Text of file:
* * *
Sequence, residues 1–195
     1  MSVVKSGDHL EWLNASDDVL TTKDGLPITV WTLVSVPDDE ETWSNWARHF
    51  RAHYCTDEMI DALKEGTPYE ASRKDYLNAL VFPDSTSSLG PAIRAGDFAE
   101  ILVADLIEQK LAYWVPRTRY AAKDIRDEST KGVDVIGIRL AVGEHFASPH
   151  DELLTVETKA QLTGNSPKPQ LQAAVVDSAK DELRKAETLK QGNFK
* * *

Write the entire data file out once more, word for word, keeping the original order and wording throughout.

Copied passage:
Sequence, residues 1–195
     1  MSVVKSGDHL EWLNASDDVL TTKDGLPITV WTLVSVPDDE ETWSNWARHF
    51  RAHYCTDEMI DALKEGTPYE ASRKDYLNAL VFPDSTSSLG PAIRAGDFAE
   101  ILVADLIEQK LAYWVPRTRY AAKDIRDEST KGVDVIGIRL AVGEHFASPH
   151  DELLTVETKA QLTGNSPKPQ LQAAVVDSAK DELRKAETLK QGNFK